With the introduction of the Minamata convention there is a need to understand the global changes in supply and demand for mercury. Current estimates suggest a downward trend in both supply and demand. The supply of mercury from primary mining has not decreased as much as initially expected. Indeed, mercury recovery from by-products of nonferrous production has not yet been implemented extensively. Currently Japan’s small amount of mercury is exported after being refined. In response to an expected decline in international demand, elemental mercury, which was traditionally traded as a valuable commodity, will need to be disposed of as waste.
In terms of projections the prevailing view is that there may be a global excess of approx. 24-25,000 tons by 2050. Recent projections reveal that trends in mercury recovery from the nonferrous smelting industry will have a significant impact on these estimates. China will have a major impact on these figures due to the country’s huge demand and supply for mercury. One projection has the cumulative excess in mercury in China at 10,000 tons in 2050.
Observers are having difficult estimating future mercury supply and demand as companies accelerate their acceptance of the Minamata Convention.
The mercury supply sector covers primary mining and recycled mercury recovered from manufacturing processes. This includes nonferrous metal production, natural gas refining, and vinyl chloride monomer (VCM) and mercury-added products. Forecaster, Reiko Sodeno, in his September 23 academic paper suggests that primary mercury mining will be half 2020 levels in 2025 with a complete phase out likely by 2032.
Mercury mining estimates
Under the Minamata Convention, new primary mercury mining has been prohibited since 2017. Mercury production from existing mines is allowed until 2032.
The chart above shows the trend of mercury mining in the world’s top five mercury-producing countries, and the world total. Although the Minamata Convention encourages a reduction of reliance on primary mercury, primary mercury mining was not restrained after 2015. In 2020 and 2021, there was finally a decline in global mercury production.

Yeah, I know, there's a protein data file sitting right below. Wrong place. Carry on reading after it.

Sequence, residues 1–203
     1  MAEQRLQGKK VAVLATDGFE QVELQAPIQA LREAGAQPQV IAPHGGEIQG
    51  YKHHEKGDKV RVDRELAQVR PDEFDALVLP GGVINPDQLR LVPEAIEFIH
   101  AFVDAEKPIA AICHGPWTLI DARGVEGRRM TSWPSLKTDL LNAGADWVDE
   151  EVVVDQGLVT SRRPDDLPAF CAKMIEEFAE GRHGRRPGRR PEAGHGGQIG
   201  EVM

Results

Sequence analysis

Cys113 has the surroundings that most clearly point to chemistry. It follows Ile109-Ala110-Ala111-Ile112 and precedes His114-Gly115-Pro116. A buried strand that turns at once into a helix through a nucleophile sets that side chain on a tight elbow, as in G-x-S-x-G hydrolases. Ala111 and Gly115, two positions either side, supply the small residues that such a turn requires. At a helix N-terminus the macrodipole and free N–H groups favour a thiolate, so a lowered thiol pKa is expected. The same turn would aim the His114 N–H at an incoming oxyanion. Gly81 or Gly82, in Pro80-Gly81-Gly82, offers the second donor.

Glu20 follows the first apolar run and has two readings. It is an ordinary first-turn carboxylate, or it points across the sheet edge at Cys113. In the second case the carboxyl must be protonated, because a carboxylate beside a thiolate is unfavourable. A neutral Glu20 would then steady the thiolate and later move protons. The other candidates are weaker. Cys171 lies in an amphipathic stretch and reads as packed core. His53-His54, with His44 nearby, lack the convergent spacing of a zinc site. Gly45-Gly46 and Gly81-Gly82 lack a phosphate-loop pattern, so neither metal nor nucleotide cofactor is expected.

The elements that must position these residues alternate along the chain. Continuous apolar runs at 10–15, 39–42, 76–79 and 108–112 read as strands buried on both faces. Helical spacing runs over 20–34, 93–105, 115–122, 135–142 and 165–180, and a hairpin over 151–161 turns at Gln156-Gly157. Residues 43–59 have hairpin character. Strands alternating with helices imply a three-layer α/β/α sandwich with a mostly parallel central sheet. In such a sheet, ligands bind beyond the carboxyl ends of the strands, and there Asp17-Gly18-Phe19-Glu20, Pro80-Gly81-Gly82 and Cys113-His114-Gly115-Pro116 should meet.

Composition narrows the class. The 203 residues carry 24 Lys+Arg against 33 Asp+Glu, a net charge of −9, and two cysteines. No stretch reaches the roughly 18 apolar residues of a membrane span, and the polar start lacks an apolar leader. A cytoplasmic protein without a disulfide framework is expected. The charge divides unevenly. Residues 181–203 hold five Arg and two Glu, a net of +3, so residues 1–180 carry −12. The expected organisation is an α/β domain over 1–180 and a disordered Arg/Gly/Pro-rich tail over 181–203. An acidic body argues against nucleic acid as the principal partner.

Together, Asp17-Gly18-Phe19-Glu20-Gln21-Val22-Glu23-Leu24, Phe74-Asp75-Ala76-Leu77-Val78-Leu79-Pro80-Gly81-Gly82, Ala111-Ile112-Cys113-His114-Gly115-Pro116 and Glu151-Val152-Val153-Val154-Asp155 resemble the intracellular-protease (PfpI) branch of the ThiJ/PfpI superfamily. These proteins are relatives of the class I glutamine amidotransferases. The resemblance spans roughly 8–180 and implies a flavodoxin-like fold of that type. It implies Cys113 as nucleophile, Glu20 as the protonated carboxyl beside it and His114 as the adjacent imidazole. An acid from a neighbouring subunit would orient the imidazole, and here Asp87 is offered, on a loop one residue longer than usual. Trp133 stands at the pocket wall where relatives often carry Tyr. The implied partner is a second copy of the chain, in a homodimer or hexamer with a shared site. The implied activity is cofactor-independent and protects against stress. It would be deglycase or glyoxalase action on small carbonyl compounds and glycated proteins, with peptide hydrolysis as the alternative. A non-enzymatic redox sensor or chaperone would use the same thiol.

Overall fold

Not surprisingly, the global implementation of the Minamata Convention has resulted in a downward trend of both imports and exports. Mercury supply from primary mining did not decrease as much as expected, but a decrease has been observed in China, the largest producer, starting in 2020.
Studies suggest that there will be an unintentional increase in mercury unintentionally generated as a by-product of industrial processes. In the final disposal of elemental mercury, the EU and Japan have established disposal standards for permanent disposal. Challenges remain in providing final disposal sites, and the long-term stability of these treated mercury compounds will need to be verified further.
Where Ecocycle fits in
Ecocycle, with its service of the mining industry continues to monitor best practice throughout the world. It is mindful of the importance of collecting and recycling mercury compounds in a safe and efficient way. Ecocycle plan to have their mercury retirement equipment commissioned in late 2024 at the Kwinana Beach facility. The facility will convert elementary mercury into encapsulated inert waste.
Mercury in dental amalgam recovered from the drilling of old fillings is banned from going into sewers in most countries. Simple filtration systems can be used to collect this waste to protect the environment. For an investment of approx. $650 Ecocycle can solve the recycling and collection problem for dentists nationally. Currently the government is monitoring developments in other parts of the world as mandatory collection has been talked about by the industry as a best practice outcome.